Bolshoi's `Golden Age' makes use of modern art, pop culture

Yuri Grigorovich is one of the few choreographers to have thoroughly and successfully renovated the classical ballet format, and his approach to modern ballets has been widely imitated. Grigorovich's agenda, on the face of it, doesn't look very different from that of George Balanchine. Both were interested in clearing away narrative and decorative clutter, in unifying the option by eliminating passages of mime and other stage business, and in extending the highest skills of academic dancing to all members of the ensemble and all parts of the performance. The results, however, couldn't have been more different. The latest example of Grigorovich modernism, ``The Golden Age'' (Shostakovich), was on view in the early performances last week of the Bolshoi Ballet's Metropolitan Opera House engagement.

Past visits of the Bolshoi and the Kirov have displayed several others, including his best-known work, ``Spartacus.'' Of them all, I liked ``The Golden Age'' best, for its stylish appropriation of 20th-century art, fashion, and pop culture. But the genre as a whole turns me off.

Grigorovich sees his ballets as a series of scenes illustrating aspects of the society or the characters in his story. The plots tend to be minimal or well known, so he devotes little time to presenting them. All character is established by signature gestures or body attitudes, often stereotyped, and incorporated in the dancing, which never stops.

So in ``The Golden Age'' the Good Guys are the honest workers and fishermen - hearty, virile, and proud. They bound through space with expanded chests and huge, high jumps, and open-handed, inspiring gestures. Their women are modest and soft, dressed in aprons and head kerchiefs, and dance with their arms folded like Russian peasants or their hands clasped guilelessly behind their backs.

The Bad Guys come in at least three varieties: decadents, capitalists, and petty criminals. The decadents have slick hair and dance the tango. There's a chorus line of flappers, who flounce from one clich'e pose to another while launching sexy looks over their shoulders. The capitalists have stomachs that stick out, and they strut or waddle. The robbers run on tiptoe and hunch up when they jump. They gesture with a thumbs-up fist, like the thugs in ``West Side Story.''

From time to time the action shutters down to a smaller group, and you get to see the soloists dance even more athletically, or lyrically, or decadently than their massed confederates. There's a love story - Boris (Yuri Vasyuchenko), a fisherman, loves Rita (Alla Mikhalchenko), a dancer in a nightclub. For some reason their romance is complicated, and she's pursued by her dancing partner, Yashka (Alexei Lazarev), who secretly heads a band of thieves. His girlfriend, Lyuska (Maria Bilova), gets stabbed in a jealous quarrel, and of course the workers overcome the thieves, and the lovers are reunited at the end.

But the real story of the ballet is the triumph of the proletariat over evil, and the choreography is meant to illustrate this in the most schematic terms. All the movement for the groups, and their leaders who are the principals in the story, is consistent with their assigned character traits, and most of the time it's designed for large numbers in unison. So you get blasted for a long time with 40 or 50 workers leaping in idyllic comradeship; then for another long time you look at 20 or 30 decadents living it up in the caf'e.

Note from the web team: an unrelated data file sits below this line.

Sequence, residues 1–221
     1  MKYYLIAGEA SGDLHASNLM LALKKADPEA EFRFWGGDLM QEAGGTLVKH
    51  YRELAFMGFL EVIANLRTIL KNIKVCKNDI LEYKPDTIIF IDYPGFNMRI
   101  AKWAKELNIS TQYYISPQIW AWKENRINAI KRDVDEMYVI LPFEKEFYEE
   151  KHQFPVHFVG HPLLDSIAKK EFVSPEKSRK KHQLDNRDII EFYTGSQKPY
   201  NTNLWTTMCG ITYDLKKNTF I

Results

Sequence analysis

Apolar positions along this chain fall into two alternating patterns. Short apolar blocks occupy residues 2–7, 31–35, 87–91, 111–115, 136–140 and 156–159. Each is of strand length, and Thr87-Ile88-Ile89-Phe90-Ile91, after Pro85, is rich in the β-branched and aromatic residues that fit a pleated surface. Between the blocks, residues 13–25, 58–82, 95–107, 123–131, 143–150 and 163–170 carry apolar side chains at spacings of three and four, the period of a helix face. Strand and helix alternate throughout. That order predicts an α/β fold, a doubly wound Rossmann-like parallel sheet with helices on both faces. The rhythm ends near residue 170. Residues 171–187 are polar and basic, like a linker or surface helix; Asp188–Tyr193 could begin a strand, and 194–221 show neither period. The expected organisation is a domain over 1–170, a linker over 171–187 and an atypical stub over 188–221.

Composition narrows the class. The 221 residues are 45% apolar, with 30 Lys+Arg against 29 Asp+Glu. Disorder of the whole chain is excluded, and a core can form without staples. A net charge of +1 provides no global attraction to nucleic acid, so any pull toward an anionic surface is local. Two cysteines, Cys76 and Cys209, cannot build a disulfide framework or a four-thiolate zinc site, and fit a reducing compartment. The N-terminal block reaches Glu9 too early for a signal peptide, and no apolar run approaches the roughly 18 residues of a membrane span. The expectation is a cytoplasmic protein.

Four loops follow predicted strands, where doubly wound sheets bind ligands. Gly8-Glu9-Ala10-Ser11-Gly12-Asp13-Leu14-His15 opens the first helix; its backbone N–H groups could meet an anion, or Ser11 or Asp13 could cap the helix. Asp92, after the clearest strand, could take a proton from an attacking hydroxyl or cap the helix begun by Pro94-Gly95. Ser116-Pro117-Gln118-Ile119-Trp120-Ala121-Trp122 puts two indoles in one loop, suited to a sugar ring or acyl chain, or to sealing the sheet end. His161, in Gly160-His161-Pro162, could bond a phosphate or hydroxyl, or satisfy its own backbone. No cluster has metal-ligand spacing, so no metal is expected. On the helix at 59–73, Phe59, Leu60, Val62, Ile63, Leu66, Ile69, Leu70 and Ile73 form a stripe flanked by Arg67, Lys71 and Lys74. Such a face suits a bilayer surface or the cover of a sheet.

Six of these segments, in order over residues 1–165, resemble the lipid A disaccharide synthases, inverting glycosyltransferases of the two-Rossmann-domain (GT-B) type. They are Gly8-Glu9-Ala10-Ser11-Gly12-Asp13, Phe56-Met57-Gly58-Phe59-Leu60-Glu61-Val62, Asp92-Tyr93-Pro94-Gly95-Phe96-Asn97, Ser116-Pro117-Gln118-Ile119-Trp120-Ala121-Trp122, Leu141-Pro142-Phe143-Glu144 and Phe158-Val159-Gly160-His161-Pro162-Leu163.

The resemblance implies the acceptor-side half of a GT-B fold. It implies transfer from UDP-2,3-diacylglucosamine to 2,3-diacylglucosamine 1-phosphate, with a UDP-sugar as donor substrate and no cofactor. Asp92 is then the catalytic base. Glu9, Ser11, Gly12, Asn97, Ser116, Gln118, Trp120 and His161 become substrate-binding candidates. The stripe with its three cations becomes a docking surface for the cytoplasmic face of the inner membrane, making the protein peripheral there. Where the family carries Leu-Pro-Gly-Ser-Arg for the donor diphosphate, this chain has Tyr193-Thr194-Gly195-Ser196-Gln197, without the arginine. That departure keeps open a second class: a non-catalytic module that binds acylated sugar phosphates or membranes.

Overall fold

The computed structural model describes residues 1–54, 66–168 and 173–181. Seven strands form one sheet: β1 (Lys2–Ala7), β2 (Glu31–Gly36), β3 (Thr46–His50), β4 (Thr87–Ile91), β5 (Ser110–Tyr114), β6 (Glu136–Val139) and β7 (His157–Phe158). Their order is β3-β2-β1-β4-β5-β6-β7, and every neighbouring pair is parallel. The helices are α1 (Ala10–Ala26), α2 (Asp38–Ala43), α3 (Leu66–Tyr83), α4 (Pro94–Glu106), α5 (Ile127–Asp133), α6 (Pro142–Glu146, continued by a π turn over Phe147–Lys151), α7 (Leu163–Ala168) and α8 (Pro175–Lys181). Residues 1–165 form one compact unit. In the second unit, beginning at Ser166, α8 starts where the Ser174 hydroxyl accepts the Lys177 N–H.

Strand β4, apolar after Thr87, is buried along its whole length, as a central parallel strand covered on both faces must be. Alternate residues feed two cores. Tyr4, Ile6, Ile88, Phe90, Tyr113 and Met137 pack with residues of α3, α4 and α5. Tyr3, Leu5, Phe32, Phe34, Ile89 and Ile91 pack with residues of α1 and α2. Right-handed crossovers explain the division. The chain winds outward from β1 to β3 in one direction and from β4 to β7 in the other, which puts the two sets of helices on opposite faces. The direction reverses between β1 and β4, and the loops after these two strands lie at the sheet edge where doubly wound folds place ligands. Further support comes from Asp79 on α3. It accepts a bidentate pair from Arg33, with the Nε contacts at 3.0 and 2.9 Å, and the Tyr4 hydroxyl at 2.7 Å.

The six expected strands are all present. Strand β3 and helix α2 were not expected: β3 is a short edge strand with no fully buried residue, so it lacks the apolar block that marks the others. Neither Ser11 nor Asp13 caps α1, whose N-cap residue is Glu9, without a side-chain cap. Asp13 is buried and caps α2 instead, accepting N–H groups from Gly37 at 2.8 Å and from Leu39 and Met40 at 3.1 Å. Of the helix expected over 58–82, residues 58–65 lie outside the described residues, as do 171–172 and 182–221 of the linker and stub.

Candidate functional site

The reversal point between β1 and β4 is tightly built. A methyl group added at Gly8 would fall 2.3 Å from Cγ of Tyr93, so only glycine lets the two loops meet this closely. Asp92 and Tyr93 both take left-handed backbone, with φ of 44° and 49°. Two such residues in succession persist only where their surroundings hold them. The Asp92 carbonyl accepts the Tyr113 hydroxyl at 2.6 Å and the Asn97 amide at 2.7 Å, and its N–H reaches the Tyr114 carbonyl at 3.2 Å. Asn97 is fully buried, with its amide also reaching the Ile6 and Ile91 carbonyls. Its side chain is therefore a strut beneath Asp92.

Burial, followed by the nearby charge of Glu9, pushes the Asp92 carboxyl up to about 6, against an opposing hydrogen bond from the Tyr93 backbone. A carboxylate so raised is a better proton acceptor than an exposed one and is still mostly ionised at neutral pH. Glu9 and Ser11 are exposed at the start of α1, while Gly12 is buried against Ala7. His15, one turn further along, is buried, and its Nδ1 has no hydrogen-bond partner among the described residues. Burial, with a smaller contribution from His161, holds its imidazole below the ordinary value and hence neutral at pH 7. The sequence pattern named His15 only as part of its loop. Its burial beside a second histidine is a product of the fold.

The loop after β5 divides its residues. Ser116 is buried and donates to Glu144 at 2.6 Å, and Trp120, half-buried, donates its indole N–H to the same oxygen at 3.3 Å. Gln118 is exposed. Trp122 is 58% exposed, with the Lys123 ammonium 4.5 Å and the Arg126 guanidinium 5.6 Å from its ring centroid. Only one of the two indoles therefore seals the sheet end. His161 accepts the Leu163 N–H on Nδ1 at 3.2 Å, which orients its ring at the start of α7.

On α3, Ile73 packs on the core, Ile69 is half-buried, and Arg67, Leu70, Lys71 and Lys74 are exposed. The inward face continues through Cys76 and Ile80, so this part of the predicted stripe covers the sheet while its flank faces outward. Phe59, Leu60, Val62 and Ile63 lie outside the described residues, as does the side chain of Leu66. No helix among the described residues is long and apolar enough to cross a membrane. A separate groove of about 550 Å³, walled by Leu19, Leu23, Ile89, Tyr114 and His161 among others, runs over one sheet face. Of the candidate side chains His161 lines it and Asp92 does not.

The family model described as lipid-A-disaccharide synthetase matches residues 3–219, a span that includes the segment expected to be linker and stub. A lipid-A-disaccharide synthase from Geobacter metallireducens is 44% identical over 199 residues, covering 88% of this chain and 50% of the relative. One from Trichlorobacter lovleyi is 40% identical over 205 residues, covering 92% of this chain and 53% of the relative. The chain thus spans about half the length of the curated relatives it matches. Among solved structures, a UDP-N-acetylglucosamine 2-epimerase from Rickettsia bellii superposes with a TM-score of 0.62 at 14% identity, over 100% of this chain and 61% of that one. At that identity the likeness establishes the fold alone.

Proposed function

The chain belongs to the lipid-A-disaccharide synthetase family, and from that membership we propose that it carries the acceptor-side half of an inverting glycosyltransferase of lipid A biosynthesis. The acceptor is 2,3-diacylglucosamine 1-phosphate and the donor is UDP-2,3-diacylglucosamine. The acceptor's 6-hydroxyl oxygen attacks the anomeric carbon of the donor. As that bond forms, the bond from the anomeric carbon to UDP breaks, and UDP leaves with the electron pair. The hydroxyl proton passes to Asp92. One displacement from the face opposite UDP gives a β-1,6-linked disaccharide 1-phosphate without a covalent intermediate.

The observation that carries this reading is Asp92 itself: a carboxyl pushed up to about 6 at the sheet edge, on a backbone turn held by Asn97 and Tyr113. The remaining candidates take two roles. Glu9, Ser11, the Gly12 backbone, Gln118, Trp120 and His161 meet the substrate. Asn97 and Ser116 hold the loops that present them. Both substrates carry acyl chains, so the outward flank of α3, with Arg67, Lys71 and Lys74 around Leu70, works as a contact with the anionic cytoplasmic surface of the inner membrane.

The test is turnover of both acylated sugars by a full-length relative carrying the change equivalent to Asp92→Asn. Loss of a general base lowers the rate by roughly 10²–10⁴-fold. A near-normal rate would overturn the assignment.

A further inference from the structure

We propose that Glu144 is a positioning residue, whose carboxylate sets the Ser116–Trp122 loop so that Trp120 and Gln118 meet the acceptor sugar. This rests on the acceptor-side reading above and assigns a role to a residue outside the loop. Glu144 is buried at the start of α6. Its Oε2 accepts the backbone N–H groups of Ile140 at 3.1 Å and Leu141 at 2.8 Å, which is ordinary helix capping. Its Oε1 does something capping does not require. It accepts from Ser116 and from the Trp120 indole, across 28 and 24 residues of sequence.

Each scene is paced the same all the way through; so the ballet feels like a series of long cadenzas in different moods or temperaments. The symphonic modulations and elaborations that make Balanchine so interesting to follow are of no importance to Grigorovich, nor is the singling out of individual qualities. Mikhalchenko is good because she's faster, stronger, and more yielding than the other women. Vasyuchenko can jump higher than the other men. But as special personalities they're not notable here.

I had the same reaction to Grigorovich's step vocabulary: It's virtuosic and expansive, but all the steps begin to look alike, differing only in force or numbers.

For instance, in one scene Yashka, the villain, is plotting jobs for his gang. He crouches threateningly, kicks both legs in the air, hunches and punches. The thugs arrive, and they all continue the dance. Lyushka, the flapper gun moll, joins in. Then everyone leaves except Yashka. His scheming dance hasn't essentially changed, but it has gained in intensity from reinforcement.

The emphasis on spectacle, on high physical involvement, and on expressionistic gestural motifs allies Grigorovich to some of the early Soviet theatrical experimenters, like Foregger, Meyerhold, and Goleizovsky. Simon Virsaladze's constructivist designs underline this analogy, as does the '20s period of the ballet itself.

But where the constructivists used fragmentation, distortion, grotesquerie, and non-naturalistic movement to explode the soothing effect of traditional theater, Grigorovich uses classical line and virtuosity, high visibility, and attractiveness to engage the audience and sell it the party line.

After three weeks in New York, the Bolshoi performs in Washington, July 21-Aug. 1, San Francisco, Aug. 4-9, and Los Angeles, Aug. 11-30.

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